A tributary of the Teign

"These memory maps were facilitated by first-hand experience and were also -- as Finlay [MacLeod] put it -- 'lit by the mnemonics of words.' For their users, these place-names were necessary for getting from location to location, and for the purpose of guiding others to where they needed to go. It is for this reason that so many toponyms incorporate what is known in psychology and design as 'affordance' -- the quality of an environment or object that allows an individual to perform an action on, to or with it. So a bealach is a gap in a ridge or cliff which may be walked through, but the element beàrn or beul in a place-name suggests an opening that is unlikely to admit human passage, as in Am Beul Uisg, 'the gap from which the water gushes.'  Blàr a' Chalchain means 'the plain of stepping stones,' while Clach an Line means 'rock of the link,' indicating a place where boats can be safely tied up. To speak out a run of these names is therefore to create a story of travel-- an act of naming that is also an act of wayfinding.

Scorhill

"Angus MacMillan, a Lewisian, remembers being sent by his father seven miles across Brindled Moor to fetch a missing sheep spotted by someone the night before: 'Cùl Leac Ghlas ri taobh Sloc an Fhithich fos cionn Loch na Muilne.' 'Think of it,' writes MacMillan drily, 'as an early form of GPS: the Gaelic Positioning System.' "

Dartmoor sheep

Dartmoor cows

The history and significance of place-names in land-based societies is something that those of us writing mythic fiction would do well to bear in mind -- whether we're working with myth or folktales born from a specific landscape, or creating an imaginary one.

"Invented names are a quite good index of writers' interest in their instrument, language, and ability to place it," says Ursula Le Guin. "To make up a name of a person or place is to open the way to the world of the language the name belongs to. It's a gate to Elsewhere. How do they talk in Elsewhere? How do we find out how they talk?"

Perhaps by knowing the land they walk. Which begins with knowing our own.

Dartmoor sheep

Scorhill

Words: The passage by Robert Macfarlane is quoted f rom Landmarks  (Hamish Hamilton, 2015; Penguin Books, 2016). The passage by Ursula K. Le Guin is quoted from her essay "Inventing Languages," in Words Are My Matter (Small Beer Press, 2016). The poem in the picture captions is from The Bonniest Companie by Kathleen Jamie (Picador, 2015). All rights reserved by the authors.

Pictures:. There is a mismatch of words and photographs in this post, I'm afraid, for my own recent journey north took me only to the Isle of Skye and not to the Lewis moor. The photographs above are of our moor, Dartmoor, near Scorhill, a bronze age stone circle. The illustration is "Looking Into the Fairy Hill" by my friend & neighbor Alan Lee. It's from his now-classic book Faeries, with Brian Froud (Abrams, 1978); all rights reserved by the artist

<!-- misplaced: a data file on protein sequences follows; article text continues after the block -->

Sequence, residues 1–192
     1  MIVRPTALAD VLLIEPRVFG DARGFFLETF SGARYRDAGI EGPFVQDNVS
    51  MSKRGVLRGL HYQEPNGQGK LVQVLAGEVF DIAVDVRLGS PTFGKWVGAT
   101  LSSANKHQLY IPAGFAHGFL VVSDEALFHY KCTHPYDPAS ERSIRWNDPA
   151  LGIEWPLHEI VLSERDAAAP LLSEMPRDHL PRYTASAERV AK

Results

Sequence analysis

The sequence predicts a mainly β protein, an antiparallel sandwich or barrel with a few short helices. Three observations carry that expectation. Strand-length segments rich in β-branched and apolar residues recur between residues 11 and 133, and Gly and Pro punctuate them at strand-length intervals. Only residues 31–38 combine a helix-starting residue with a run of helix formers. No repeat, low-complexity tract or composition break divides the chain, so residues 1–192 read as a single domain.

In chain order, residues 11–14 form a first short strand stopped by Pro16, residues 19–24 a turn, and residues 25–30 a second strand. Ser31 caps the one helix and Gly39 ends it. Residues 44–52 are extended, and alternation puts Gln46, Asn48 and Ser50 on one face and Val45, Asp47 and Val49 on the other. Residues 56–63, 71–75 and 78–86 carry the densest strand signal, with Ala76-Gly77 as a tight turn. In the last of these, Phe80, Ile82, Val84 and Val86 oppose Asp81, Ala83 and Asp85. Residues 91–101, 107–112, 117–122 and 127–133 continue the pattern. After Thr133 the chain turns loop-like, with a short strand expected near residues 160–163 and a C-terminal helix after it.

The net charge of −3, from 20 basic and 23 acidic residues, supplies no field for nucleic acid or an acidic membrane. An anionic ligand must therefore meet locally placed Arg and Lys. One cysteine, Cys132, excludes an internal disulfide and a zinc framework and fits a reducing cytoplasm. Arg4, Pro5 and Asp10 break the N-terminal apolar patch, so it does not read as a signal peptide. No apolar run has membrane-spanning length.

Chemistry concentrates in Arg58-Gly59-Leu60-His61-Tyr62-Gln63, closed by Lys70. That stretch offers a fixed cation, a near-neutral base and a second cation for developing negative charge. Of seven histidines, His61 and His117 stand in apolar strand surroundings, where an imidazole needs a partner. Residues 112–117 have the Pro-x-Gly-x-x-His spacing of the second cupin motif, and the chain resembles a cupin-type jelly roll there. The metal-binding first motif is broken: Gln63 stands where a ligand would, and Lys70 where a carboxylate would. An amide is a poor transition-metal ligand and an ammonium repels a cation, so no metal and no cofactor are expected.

Weather and words

Cuckoo's Nest by Cecelia Levy

Paper art by Celia Levy

From Landmarks by Robert Macfarlane:

"Before you become a writer you must first become a reader. Every hour spent reading is an hour spent learning to write; this continues to be true throughout a writer's life. The Living Mountain, Waterlog, The Peregrine, Arctic Dreams, My First Summer in the Sierra: these are the books that taught me how to write, but also the books that have taught me how to see...."

Thistle interior by Cecelia Levy

"Books, like landscapes, leave their marks in us. Sometimes these traces are so faint as to be imperceptible -- tiny shifts in the weather of the spirit that do not register on the usual instruments. Mostly these marks are temporary: we close a book, and for the next hour or two the world seems oddly brighter at its edges; or we are moved to a certain kindness or meaness that would otherwise have gone unexpressed. Certain books though, like certain landscapes, stay with us even when we have left them, changing not just our weathers but our climates. The word landmark is from is from the old English landmearc, meaning 'an object in the landscape which, by its conspicuousness, serves as a guide in the direction of one's course.' John Smith, writing in his 1627 Sea Grammar, gives us this definition: 'a Land-marke is any Mountaine, Rocke, Church, Wind-mill or the like, that the Pilot can now by comparing one by another see how they beare by the compasse.' Strong books and strong words can be landmarks in Smith's sense -- offering us both a means of establishing our location and of knowing how we 'beare by the compasse.' "

Acorn by Cecelia Levy

Homeward Bound by Cecelia Levy

The art today is by Swedish paper artist Cecelia Levy. Please visit her website to learn more about her work.

Paper art by Cecelia Levy

Cup by Cecelia LevyThe text above is quoted from Landmarks by Robert Macfarlane (Hamish Hamilton, 2015; Penguin Books, 2016), which I high recommend. All rights to the text and art above reserved by the author and artist.


Tunes for a Monday Morning

Under the Summer Town by Rima Staines

In troubled times, we need music to lift our spirits more then ever -- so today I'm turning to The Mae Trio from Melbourne, Australia to brighten the start of a new week. The musicians are Maggie Rigby (banjo, ukulele, guitar), her sister Elsie Rigby (violin, ukulele), and Anita Hillman (cello, bass).

Above: The video for "Well Enough Alone" from the trio's new album, Take Care, Take Cover.

Below: "Mr. Moon," filmed for the Songs from a Room series in London in 2015.

Pilgrim's Moon by Rima Staines

 Above: An acapela version of Kate Rubsy's song "Lately," which was on their first album, Housewarming (2014).

Below: "Grandman's," filmed for the Songs from a Room series in June of this year.

And one more:

The Mae Trio and the great Scottish songwriter Dougie Maclean perform "She Loves Me."

The lovely paintings above are by Rima Staines.